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Performance, Continued

To get a different perspective on performance, I tried an interactive file-copy test to see how the TS-101 might perform in real-world use. These tests were done with a different computer than the iozone tests. I used my old Dell Inspiron 1000, a 2.2 GHz Mobile Celeron with 320 MB RAM, running Win XP Home SP2. The results in Table 1 below are averages of multiple runs of moving a directory tree containing just over a gigabyte.

  100 Mbps LAN 1000 Mbps LAN % change
100 to 1000 Mbps
Write to TS-101 ~ 200 sec ~ 148 sec - 26%
Read from TS-101 ~ 140 sec ~ 86 sec - 43%
Table 1: File copy test results

These results show that reading benefits more than writing from using a Gigabit Ethernet connection.


I found the TS-101 to be a nice product to work with. Its performance was solid, it had a extensive feature set, and it was generally a well thought out product. The TS-101 was also the first NAS I've worked with that had support for using an external drive in RAID mode. This was a nice feature that gives users an additional level of data security. I also appreciated the fact that the TS-101 had a sturdy aluminum case and didn't require a fan to operate. My attraction to NASes is largely based on low noise and power usage, so the quieter the better.

On the other hand, the product did have a few rough edges. While the documentation was well written overall, there were sections that could have been better. And while I appreciated the basic support for Apple systems, I was a bit disappointed to find that both the "Download Station" and the backup utility were Windows-only.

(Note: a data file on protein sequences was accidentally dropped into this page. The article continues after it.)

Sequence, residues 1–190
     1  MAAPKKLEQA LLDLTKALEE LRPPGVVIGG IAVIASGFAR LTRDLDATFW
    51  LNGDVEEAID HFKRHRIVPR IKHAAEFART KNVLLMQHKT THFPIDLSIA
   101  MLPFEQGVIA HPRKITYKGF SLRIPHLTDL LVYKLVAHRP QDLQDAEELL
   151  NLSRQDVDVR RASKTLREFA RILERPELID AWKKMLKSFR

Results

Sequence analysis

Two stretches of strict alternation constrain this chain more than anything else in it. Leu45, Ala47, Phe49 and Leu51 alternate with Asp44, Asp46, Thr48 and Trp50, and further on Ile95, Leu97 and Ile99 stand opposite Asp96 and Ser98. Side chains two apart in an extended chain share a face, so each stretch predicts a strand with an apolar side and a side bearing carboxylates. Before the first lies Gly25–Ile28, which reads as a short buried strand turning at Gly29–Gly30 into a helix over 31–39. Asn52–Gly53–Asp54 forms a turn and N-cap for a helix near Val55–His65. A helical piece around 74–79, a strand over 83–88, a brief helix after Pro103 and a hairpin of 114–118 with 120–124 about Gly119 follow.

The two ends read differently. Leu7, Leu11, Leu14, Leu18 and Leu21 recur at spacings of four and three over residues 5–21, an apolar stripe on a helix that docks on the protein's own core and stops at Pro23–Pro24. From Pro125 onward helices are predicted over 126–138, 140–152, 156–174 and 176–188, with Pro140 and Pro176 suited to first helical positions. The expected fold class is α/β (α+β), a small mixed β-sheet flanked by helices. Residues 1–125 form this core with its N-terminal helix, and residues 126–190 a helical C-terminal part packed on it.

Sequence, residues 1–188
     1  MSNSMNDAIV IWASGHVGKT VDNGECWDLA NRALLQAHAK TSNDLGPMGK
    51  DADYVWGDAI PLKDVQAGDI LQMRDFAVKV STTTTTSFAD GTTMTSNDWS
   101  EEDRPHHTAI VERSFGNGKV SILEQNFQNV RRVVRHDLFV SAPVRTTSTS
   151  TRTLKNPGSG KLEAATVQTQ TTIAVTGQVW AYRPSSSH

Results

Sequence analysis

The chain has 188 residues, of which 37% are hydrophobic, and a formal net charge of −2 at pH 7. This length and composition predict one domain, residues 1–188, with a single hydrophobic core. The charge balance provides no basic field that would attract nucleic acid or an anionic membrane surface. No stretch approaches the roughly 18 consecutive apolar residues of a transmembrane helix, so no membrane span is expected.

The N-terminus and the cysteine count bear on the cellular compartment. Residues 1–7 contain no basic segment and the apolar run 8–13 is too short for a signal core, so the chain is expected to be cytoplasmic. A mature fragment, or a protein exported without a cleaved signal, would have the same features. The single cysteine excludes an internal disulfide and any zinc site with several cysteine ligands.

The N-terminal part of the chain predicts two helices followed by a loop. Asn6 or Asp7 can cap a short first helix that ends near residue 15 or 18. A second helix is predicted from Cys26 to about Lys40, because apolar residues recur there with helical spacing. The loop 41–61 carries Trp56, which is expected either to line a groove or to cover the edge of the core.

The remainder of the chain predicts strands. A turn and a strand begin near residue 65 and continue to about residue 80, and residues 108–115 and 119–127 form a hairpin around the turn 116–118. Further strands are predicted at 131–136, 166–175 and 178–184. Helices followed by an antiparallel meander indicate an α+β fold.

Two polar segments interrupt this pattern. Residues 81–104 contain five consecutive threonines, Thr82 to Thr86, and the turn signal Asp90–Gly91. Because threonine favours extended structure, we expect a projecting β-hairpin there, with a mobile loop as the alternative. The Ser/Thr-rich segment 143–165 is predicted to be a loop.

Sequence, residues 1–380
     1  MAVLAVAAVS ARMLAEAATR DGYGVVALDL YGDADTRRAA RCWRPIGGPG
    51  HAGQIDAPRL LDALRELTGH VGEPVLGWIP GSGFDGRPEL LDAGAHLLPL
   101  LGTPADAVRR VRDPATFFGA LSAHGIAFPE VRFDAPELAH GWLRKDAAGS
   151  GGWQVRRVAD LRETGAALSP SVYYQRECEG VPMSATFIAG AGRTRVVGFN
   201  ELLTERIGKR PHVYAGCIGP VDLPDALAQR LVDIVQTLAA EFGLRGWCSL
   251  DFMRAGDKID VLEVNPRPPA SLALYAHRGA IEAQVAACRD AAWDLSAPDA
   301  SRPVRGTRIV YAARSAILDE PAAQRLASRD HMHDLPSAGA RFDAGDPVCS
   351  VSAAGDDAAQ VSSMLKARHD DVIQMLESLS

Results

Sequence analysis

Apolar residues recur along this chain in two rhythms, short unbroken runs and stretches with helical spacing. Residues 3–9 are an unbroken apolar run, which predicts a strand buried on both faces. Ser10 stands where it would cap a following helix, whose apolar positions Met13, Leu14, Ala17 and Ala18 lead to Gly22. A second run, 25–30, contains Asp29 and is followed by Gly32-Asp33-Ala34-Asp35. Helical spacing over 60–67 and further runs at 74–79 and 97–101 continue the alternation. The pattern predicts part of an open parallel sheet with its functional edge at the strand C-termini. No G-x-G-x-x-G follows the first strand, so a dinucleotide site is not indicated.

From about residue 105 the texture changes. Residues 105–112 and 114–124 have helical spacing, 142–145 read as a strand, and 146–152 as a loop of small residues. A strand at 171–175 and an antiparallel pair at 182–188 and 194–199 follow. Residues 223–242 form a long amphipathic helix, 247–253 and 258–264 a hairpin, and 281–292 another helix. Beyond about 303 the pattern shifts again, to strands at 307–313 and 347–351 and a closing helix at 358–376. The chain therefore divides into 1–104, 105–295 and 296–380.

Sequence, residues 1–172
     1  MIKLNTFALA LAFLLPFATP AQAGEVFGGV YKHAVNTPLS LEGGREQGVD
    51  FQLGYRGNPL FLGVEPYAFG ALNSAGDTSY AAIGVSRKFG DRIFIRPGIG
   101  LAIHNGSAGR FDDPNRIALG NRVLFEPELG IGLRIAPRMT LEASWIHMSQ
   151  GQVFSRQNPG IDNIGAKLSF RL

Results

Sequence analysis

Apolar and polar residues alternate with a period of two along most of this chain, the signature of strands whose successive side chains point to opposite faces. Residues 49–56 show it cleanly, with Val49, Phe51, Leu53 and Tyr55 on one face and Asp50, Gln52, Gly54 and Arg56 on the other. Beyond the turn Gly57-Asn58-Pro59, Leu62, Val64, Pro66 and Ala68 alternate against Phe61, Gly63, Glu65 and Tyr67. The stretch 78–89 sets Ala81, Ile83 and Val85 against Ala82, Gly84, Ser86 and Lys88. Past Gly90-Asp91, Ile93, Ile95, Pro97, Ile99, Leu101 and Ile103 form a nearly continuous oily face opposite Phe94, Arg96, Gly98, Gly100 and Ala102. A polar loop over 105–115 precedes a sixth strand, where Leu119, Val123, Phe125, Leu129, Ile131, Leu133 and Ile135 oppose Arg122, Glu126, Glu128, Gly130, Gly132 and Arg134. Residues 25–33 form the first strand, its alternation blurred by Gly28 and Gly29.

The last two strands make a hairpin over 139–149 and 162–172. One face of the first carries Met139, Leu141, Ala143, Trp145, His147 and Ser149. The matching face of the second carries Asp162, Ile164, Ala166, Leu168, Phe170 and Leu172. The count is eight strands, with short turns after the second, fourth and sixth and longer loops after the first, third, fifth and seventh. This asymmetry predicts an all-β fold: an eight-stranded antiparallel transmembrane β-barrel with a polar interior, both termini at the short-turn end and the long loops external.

Since their basic features sets and prices are almost identical, I thought it would be interesting to compare the Qnap TS-101 to the previously reviewed Synology DS-106e.

The DS-106e had a number of advantages over the TS-101, the first being performance. Our performance tests aren't 100% comparable since the disk drives used were not identical, but the fact that the DS-106e bested the TS-101 in most tests is a pretty good indicator that the DS-106e is a better performer. The only tests where the TS-101 beat the DS-106e were in the gigabit read measurements, which could be due to the TS-101 having twice the RAM of the DS-106e.

Multimedia-wise, the DS-106e also bested the TS-101. Both had a nice photo-album feature, but the DS-106e supported the UPnP protocol as well. As far as database support, the DS-106e used the full-featured MySql while the TS-101 used a less powerful Sqlite - however, depending on your needs, the reduced memory requirements of Sqlite may be a benefit. As mentioned just above, the TS-101 had 64 MB while the DS-106e only had 32, which should benefit performance in certain areas.

As far as the TS-101's advantages, its RAID 1 support was not matched by the DS-106e, and its fanless design is definitely a plus.

In general, both products were powerful, full-featured NAS devices that would be nice additions to any home or small-office network. But the Synology DS-106e's advantages mean that Qnap still has some work left to do on the TS-101.

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